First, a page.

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Where The Wild Things Are

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Lex Kimbrough

on 2 November 2013

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Transcript of Where The Wild Things Are


Where The Wild Things Are
The beauty in these pictures is
in their simplicity...
Kids don't sit still and neither should the camera...
Favorite Children's book

Only film adaptation of a book I have ever truly loved

It makes me smile
A nine year old boy, Max, feels neglected by his mother and sister and decides to run away. He sets sail in a little boat which leads him to and island where the wild things are. Max is named king of a group of monstrous creatures and during his rambunctious rule goes through a time of self discovery. After coming to the realization of how much he misses he family, Max sets sail again back home where he is met with a hug and a hot meal.
Self discovery

Yearning and empowerment

How a child comes to terms with his place in the world

Spike Jonze explores how Max processes all the complexity of emotions in his relationships with his family and the wild things.
Lance Acord
Studied Photography and film making at San Francisco Art Institute
Starting out shooting commercials, music videos, & documetaries
Worked with REM on a regular basis
Won MTV Video Music Award for Best cinematography in Fat Boy Slim's Weapon of Choice
Buffalo '66 (1998)
Being John Malkovich (1999)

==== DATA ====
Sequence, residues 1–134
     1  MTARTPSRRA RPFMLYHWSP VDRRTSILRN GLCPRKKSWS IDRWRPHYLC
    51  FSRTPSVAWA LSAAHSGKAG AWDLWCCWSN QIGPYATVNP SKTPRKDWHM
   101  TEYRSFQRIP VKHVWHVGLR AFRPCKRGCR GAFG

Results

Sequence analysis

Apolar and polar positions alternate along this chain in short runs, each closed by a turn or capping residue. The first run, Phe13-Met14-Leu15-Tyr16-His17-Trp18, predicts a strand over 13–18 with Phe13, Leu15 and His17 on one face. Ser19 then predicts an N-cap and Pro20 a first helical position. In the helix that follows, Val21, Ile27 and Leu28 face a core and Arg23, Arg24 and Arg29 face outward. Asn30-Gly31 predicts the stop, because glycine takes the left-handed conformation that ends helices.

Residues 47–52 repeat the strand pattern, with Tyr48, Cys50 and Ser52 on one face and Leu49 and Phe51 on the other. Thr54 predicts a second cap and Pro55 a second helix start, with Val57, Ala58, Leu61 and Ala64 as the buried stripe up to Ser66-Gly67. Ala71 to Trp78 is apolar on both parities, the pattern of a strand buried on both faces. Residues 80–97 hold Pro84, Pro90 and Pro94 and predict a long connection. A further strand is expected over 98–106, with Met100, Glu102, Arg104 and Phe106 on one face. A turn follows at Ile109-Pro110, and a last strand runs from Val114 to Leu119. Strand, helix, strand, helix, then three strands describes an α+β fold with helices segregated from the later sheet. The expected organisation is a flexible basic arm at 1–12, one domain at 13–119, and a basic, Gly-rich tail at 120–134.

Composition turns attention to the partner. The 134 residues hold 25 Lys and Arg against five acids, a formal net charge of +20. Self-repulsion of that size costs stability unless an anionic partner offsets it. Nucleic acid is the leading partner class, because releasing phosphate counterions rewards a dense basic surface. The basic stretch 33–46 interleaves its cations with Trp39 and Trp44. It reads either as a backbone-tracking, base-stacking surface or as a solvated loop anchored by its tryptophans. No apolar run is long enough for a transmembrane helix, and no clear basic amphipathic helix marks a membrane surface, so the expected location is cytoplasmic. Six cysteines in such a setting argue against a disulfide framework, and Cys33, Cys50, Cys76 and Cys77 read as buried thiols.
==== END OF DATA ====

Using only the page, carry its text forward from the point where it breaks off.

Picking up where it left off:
The Dangerous Lives of Alter Boys (2002)
Adaptation (2002)
Lost In Translation (2003)
Marie Antoinette (2006)
Gentle hand held style

Available light

Simplistic and dream like imagery

Shot on Film
shot in both full-frame and 3-perf Super 35, using a 2.35:1 aspect ratio.
Mostly natural light
Night shots lit by lamps run through a series of dimmers that kept them at levels ranging from 25 to 80 percent
Around the camera, Par bars provide the firelight effect
For moonlight, six Ruby Sevens are directed straight up into a 20x20 Ultrabounce, which provides an ambience for the foreground.
Camera Movement
“Achieving that energy onscreen all comes down to establishing the best combination of lenses, framing, camera movement, staging and blocking. Getting those elements right is a constant learning curve. When the creatures are running around and ‘rumpusing,’ the operator’s right in there with them — the crazier the camerawork, the better the result. The depth of the frame is accentuated with handheld camerawork, point-of-view shots and very long lenses to compress the space, and we also use lots of foreground elements, such as unexpected glimpses through trees. I’m constantly amazed at how lifelike their movements appear.”
Lex Kimbrough
Released - 2009
Director - Spike Jonze
Run - 101 minutes
Material objects and the creations of others (i.e., television) didn’t make us kids – it’s the primal, uninhibited way we used to get lost in our own imaginations that did.  We all watched different cartoons and played with different toys, but we all ran around screaming to the dismay of our frustrated parents.
Panavision Millennium XL
Aaton 35-III
Panavised Arri 235
Full transcript